The remains of three Paleolithic dogs, including one with a mammoth bone in its mouth, have been unearthed at Předmostí in the Czech Republic, according to a new Journal of Archaeological Science paper.
The remains indicate what life was like for these prehistoric dogs in this region, and how humans viewed canines. The dogs appear to have often sunk their teeth into meaty mammoth bones. These weren’t just mammoth in size, but came from actual mammoths.
In the case of the dog found with the bone in its mouth, the researchers believe a human inserted it there after death.
"The thickness of the cortical bone shows that it is from a large mammal, like a rhinoceros, steppe bison or mammoth," lead author Mietje Germonpré told Discovery News. "At Předmostí, mammoth is the best-represented animal, with remains from more than 1,000 individuals, so it is probable that the bone fragment is from a mammoth."
Germonpré, a paleontologist at the Royal Belgian Institute of Natural Sciences, and colleagues Martina Laznickova-Galetova and Mikhail Sablin, first studied the remains, focusing on the skulls, to see what animals they might be. In the fossil record, there is sometimes controversy over what is a wolf, dog or other canid.
"These skulls show clear signs of domestication," Germonpré said, explaining they are significantly shorter than those of fossil or modern wolves, have shorter snouts, and noticeably wider brain cases and palates than wolves do.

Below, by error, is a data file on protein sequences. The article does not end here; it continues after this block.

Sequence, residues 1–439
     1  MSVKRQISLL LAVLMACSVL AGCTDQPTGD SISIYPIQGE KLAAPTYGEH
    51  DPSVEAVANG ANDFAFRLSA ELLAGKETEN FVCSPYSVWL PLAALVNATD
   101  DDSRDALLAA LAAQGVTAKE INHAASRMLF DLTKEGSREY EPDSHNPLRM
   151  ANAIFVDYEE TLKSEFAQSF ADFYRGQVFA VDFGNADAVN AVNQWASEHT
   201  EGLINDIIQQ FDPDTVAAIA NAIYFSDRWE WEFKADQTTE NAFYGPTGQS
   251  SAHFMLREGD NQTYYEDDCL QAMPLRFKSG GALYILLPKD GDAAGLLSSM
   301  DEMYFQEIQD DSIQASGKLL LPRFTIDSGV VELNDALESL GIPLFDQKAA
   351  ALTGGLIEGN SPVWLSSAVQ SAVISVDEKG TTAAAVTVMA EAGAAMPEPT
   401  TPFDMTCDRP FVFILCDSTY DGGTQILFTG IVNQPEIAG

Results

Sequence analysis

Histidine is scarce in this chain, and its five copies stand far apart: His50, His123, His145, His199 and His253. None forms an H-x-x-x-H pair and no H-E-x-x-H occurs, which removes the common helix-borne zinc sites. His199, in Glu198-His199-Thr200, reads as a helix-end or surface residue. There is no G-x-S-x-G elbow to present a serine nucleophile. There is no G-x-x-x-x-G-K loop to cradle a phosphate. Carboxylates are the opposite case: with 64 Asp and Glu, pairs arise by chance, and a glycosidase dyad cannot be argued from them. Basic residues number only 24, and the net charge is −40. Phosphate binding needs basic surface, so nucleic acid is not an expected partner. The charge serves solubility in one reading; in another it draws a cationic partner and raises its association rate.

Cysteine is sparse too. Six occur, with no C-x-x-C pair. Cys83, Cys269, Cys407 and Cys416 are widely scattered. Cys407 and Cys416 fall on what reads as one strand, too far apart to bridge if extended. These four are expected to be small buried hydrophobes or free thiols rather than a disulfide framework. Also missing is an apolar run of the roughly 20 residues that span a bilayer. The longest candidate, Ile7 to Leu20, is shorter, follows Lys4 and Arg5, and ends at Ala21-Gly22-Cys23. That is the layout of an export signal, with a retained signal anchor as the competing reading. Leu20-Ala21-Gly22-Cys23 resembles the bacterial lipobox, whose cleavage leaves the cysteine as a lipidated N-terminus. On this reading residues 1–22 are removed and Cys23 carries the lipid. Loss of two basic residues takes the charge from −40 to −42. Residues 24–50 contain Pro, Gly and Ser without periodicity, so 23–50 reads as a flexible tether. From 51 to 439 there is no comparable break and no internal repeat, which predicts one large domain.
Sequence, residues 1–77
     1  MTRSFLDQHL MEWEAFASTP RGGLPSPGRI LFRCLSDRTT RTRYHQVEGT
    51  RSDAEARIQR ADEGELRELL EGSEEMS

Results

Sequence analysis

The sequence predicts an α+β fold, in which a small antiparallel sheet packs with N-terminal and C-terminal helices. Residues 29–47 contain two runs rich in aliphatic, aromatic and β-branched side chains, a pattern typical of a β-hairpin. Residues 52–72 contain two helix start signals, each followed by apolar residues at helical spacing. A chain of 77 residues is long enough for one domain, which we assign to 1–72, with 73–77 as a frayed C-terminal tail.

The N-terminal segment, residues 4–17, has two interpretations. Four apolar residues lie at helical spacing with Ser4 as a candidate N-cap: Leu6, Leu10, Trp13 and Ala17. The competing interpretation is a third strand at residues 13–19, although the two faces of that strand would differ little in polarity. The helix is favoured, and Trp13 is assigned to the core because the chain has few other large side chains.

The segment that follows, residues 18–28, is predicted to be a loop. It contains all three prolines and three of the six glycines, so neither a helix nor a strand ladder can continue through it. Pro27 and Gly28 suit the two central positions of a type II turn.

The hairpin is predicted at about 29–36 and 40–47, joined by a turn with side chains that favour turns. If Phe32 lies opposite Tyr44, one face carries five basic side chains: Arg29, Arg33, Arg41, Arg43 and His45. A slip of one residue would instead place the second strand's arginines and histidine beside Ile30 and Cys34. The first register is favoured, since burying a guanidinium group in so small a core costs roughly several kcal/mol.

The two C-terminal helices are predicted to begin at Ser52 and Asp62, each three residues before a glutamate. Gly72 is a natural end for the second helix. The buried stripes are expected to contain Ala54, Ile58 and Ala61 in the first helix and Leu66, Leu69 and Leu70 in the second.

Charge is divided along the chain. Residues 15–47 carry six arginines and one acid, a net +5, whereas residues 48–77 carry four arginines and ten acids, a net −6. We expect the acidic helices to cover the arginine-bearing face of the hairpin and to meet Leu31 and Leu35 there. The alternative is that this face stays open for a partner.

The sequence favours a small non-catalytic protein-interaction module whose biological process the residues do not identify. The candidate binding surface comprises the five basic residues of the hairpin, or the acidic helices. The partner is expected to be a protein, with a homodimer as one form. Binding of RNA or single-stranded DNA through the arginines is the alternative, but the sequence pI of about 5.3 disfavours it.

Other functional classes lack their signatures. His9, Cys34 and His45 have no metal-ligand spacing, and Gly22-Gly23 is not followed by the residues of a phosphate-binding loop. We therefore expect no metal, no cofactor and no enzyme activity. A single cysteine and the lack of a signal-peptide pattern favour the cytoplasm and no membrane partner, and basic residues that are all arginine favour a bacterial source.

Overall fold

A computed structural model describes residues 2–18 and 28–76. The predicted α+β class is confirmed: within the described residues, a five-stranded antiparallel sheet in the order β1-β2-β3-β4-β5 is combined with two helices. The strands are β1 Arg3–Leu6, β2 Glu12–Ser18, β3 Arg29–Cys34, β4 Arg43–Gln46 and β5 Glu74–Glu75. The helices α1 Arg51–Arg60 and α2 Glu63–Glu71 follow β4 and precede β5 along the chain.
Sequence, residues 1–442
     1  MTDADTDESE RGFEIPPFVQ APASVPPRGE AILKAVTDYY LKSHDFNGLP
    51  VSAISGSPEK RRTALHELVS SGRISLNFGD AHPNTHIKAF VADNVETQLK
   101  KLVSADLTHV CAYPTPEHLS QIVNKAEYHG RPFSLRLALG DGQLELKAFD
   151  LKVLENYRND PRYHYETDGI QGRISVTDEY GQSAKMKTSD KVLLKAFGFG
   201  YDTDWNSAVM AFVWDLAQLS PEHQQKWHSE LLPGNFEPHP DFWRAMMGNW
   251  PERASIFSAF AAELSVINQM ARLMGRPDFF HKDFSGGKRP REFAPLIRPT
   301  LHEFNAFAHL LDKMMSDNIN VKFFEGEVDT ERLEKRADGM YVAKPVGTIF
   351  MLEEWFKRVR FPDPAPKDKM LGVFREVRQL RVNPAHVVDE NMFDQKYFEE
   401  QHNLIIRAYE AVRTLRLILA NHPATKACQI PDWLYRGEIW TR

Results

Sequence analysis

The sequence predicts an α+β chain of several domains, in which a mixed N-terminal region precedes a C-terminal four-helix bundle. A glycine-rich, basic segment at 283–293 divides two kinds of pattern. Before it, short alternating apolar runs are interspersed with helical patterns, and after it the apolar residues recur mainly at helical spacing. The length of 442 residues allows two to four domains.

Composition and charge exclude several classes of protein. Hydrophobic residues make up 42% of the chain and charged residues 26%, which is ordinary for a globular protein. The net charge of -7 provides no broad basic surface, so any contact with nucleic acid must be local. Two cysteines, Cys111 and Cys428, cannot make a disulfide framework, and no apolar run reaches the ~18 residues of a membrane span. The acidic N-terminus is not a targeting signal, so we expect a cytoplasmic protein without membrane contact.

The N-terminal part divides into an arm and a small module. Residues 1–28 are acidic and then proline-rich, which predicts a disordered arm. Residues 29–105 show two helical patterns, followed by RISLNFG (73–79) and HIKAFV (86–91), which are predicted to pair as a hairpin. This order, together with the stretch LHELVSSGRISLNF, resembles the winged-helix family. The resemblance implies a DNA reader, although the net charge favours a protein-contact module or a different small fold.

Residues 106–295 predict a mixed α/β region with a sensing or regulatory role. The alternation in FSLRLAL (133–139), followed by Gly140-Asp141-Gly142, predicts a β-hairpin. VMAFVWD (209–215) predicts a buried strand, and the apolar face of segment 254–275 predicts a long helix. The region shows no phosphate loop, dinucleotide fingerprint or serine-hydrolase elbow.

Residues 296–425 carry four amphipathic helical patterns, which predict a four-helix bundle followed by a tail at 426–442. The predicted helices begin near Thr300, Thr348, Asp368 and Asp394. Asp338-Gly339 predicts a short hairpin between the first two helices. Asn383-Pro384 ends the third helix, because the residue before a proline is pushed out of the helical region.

She described them as large, with an estimated body weight of just over 77 pounds. The shoulder height was at least 24 inches.
"The shape of their skull resembles that of a Siberian husky, but they were larger and heavier than the modern husky," she said.
The dogs died when they were between 4 and 8 years old. They had numerous broken teeth during their lifetimes.
Based on what is known of the human culture at the site, the researchers believe these dogs “were useful as beasts of burden for the hauling of meat, bones and tusks from mammoth kill sites and of firewood, and to help with the transport of equipment, limiting the carrying costs of the Předmostí people.”
Since mammoth meat was likely the food staple, the scientists further believe that the surplus meat “would have been available to feed the dogs.”
The dog skulls show evidence that humans perforated them in order to remove the brain. Given that better meat was available, the researchers think it’s unlikely the brains served as food.
Instead, based on these archaeological finds and the ethnographic record, it’s possible that there was ritual importance to the actions.
"Among many northern indigenous peoples, it was believed that the head contains the spirit or soul," Germonpré explained. “Some of these peoples made a hole in the braincase of the killed animal so that the spirit might be released.”
The mammoth bone in the dog's mouth could signify "that the dog was 'fed' to accompany the soul of the dead (animal) on its journey."
Rob Losey, an associate professor of anthropology at the University of Alberta, told Discovery News that the new study is "very convincing," and shows "quite clearly that the dog domestication process was underway thousands of years earlier than previously thought."
He added, "The distinctive treatment given some of the remains also is compelling, and this indicates to me that a special connection had developed between people and some canids quite early on -- long prior to any good evidence for dogs being buried."